So, you’ve bought some new combination bathroom furniture. Tabor and Apex combination units are dual purpose pieces which incorporate a basin unit and a WC unit into one piece of furniture: they are space saving items for your bathroom, but are still large enough to be a little unwieldy during the installation process.
All bathroom furniture varies from installation to installation, and we would always advise that you read the manufacturer’s fitting instructions carefully and follow their advice – they know their product best. You may, however, find it helpful to follow our handy hints for installing anything from a simple bathroom cabinet, right up to a fully fitted bathroom furniture suite.
Tip number one is to measure carefully. You need to know the precise size of your bathroom furniture in relation to the space into which you’ll be installing it, so measure both these two areas first. It may help you to visualise the outcome you’re aiming for right from the start if you draw a rough outline of your furniture on the wall in situ.
Next, if your furniture is pre-drilled with wall fixing holes, you’ll need to measure where these are in relation to the edges of the item, so that you can map out where your fixings need to be positioned to ensure the furniture finishes up precisely in place. If your furniture comes without pre-drilled holes, you’ll need to create some, and then measure where they are (this is quicker and simpler than measuring, carefully drilling the holes… then measuring again to check you got them where you wanted them).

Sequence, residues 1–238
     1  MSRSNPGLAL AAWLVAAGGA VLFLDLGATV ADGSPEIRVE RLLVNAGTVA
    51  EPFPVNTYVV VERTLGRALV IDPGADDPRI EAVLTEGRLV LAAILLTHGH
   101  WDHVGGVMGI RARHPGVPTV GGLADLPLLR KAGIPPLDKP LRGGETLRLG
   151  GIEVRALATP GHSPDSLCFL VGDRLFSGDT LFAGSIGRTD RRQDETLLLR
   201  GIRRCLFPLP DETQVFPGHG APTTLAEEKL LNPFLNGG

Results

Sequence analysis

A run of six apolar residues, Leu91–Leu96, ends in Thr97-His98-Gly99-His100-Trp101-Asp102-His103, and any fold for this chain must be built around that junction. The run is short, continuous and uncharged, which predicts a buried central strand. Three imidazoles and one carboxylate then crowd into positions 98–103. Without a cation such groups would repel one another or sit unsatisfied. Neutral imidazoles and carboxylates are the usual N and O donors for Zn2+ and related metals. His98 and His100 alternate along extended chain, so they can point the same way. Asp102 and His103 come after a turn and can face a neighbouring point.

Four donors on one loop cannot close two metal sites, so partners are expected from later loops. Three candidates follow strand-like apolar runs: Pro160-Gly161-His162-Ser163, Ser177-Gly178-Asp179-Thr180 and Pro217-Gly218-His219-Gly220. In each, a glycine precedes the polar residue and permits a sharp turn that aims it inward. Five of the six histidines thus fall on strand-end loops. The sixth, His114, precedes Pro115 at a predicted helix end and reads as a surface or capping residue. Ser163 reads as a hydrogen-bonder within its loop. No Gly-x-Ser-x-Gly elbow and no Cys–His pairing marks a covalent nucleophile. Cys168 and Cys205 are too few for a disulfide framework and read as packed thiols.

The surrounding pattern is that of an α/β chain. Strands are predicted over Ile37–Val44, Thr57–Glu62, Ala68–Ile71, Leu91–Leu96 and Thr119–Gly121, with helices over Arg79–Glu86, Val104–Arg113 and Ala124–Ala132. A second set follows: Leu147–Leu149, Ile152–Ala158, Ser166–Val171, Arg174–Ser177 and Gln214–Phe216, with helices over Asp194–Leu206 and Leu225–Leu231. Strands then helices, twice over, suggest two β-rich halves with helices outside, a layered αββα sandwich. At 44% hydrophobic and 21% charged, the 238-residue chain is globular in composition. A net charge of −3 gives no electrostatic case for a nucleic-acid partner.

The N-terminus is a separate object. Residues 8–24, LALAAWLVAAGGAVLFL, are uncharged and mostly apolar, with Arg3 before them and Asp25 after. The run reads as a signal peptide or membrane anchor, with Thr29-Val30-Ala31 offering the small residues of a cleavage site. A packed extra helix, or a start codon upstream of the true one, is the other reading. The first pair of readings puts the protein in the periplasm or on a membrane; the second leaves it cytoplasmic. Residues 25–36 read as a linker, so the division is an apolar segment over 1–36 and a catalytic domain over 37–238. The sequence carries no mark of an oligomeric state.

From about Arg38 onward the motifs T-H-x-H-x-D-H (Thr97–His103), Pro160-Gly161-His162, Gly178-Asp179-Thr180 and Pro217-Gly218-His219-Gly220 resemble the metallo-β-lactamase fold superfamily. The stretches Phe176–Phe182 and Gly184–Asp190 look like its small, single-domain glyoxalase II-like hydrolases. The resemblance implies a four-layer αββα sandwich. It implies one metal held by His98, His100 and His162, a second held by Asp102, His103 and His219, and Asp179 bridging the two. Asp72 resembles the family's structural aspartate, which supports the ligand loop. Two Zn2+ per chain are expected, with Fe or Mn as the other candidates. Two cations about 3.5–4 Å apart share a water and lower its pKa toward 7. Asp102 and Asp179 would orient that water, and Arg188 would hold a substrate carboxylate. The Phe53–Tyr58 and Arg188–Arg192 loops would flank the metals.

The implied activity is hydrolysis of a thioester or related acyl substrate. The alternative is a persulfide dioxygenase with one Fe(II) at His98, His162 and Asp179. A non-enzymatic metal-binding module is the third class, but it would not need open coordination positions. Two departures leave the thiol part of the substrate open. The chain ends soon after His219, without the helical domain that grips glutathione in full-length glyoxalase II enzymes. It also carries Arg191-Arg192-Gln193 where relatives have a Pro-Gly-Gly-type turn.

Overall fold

Tip number two is to always use the right tools for the job. A metal measure is better than a material one, which could stretch and give you a slightly false measurement. And using the right drill bit will not only minimise the potential for damage to your drill bit or to your wall, but will also make your task easier.
When drilling your fixing holes in your bathroom wall, bear in mind the following. Always drill into the bricks or blocks of a wall, not into the mortar which forms the joints; drill more carefully into blocks than bricks – bricks are tough, but blocks are relatively soft and you run the risk of making the hole too big if you go at the blocks too enthusiastically with the drill. If you have stud walls, make sure you’re drilling into the solid timber supports, not the thin plasterboard between, which will not provide a very solid supportive surface for your wall fixing. And if your wall is tiled, you should use an extra hard drill bit and only light pressure, or you may crack the tile surface and open yourself up to a retiling job.
Once your bathroom furniture is installed, you’ll be using it every day for years – so if you take the time at the installation stage to get it right, you’ll be able to feel proud every day for years.